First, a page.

Captain Saturday
by Robert Inman
Book Review by Amy Coffin
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For over 20 years, Will Baggett has been the top weatherman at Channel Seven in Raleigh. His perfected role as the "Weather Wizard" allows him the perks of a local celebrity. His wife, Clarice, is a successful real estate agent. Palmer, their son, is in his first year of medical school. Top that with an Old Raleigh home with a well-manicured lawn and Baggett's life is damn near perfect.

Will reflects on his good fortune on his way to the television studio for a meeting with his boss. One moment he's flying high, the next moment he's fired. The family-owned station has been sold to an unsympathetic conglomerate. Ratings and loyal viewership mean nothing and Will is left without a job or identity.

A public scuffle with the new management attracts local authorities and causes embarrassment to the Baggett household. Will's actions make it clear that his marriage of twenty-five years is on the rocks and his son doesn't like him very much either.

In the middle of this unfortunate mess, cousin Wingfoot Baggett arrives to take Will back to his last childhood home. The Weather Wizard lost his job, his identity and even his family, now he must face his past as well. A decades-old tragedy has left Will and his two cousins trapped in their youth, unable look back or move forward.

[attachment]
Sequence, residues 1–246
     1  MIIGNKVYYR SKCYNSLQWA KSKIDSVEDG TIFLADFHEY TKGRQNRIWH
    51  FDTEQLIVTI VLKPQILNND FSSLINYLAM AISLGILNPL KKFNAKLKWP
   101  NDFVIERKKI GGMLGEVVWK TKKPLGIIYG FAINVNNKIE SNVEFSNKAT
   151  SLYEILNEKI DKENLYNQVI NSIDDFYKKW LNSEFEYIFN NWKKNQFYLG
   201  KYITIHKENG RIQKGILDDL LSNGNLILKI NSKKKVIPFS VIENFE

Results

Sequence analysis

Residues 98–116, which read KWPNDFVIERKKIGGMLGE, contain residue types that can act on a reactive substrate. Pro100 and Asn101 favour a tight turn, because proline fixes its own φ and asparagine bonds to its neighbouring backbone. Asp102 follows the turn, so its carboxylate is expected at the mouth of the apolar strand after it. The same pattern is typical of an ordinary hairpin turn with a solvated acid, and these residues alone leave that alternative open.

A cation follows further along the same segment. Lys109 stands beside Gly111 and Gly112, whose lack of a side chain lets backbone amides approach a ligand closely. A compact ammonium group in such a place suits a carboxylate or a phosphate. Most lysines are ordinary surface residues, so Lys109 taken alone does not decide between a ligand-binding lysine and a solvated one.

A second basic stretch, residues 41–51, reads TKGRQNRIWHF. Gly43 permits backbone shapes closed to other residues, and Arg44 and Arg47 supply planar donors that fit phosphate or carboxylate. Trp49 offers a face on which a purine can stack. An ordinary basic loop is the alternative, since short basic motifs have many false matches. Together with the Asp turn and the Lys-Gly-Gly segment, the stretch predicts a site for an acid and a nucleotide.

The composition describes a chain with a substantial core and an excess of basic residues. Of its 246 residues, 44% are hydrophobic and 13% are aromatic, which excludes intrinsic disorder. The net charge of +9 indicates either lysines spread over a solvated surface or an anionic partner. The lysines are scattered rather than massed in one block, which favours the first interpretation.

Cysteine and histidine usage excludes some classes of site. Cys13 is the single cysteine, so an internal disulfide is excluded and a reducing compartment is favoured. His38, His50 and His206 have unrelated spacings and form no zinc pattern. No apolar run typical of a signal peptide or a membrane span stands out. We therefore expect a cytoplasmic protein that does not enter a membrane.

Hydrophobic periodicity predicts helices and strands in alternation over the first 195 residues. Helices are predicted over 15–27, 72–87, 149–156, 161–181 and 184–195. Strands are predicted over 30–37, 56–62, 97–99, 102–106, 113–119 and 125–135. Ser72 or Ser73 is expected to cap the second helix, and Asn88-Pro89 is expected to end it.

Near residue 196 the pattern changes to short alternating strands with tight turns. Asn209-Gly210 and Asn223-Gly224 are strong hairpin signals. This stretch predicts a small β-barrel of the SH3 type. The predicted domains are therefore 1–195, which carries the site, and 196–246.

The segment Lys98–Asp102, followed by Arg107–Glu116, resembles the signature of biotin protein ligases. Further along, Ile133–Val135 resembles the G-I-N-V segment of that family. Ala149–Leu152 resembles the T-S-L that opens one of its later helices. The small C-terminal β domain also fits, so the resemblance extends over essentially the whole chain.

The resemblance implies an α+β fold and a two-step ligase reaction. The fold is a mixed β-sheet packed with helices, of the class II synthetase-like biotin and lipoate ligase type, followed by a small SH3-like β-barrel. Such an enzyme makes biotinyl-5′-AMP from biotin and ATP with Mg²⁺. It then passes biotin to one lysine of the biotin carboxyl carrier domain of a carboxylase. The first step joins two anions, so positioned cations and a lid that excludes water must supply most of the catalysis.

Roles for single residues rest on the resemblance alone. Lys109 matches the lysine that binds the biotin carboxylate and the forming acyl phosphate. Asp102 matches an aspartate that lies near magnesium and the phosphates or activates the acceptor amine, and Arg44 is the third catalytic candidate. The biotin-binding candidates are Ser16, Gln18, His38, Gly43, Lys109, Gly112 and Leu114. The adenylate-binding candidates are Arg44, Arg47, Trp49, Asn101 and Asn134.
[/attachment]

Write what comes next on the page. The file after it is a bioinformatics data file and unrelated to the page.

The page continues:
Captain Saturday chronicles Will's self-discovery journey. For years his job was his identity. He must do some serious soul-searching after the realization that all these years, he put his family after his celebrity persona.

These related events open his eyes, but a second run-in with the law forces his Wilbur Baggett to confront personal demons that should have been dealt with long ago. Will begins the process of reinventing himself as a father, a husband, a Baggett and anything but a weatherman.

Captain Saturday (named for a favorite baseball cap) runs deeper than the woes of Will Baggett. At hand is the clash between the Old South and the New South. Family lines are replaced by freeway lines. Blue blood is replaced by green cash. Characteristics that once defined the South are disappearing as charming cities melt into urban sprawl.

This is a poignant novel, guaranteed to draw just about every emotion from its readers. Prepared to be happy, sad, amused and annoyed by the cast and their actions. The characters are determined to remain in their protective shells. Their stubbornness is frustrating at times, yet Inman succeeds in maintaining readers' attention. Scenes with Baggett cousins provide tender moments, revealing the strength of family ties.

Captain Saturday is nicely paced. The story flows smoothly from the present day, to Will's youth and back again. The North Carolina backdrop makes for interesting reading, though Inman isn't the first author to bring Old South vs. New South into his work.

This novel marks my introduction into the work of Robert Inman. So far, I like what I see. The author has created a compelling tale in an interesting setting. If you're craving a unique story of redefining one's identity you will be thoroughly pleased with Captain Saturday.

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Robert Inman's Official Web Site
Also by Robert Inman:

Home Fires Burning

Old Dogs and Children

Dairy Queen Days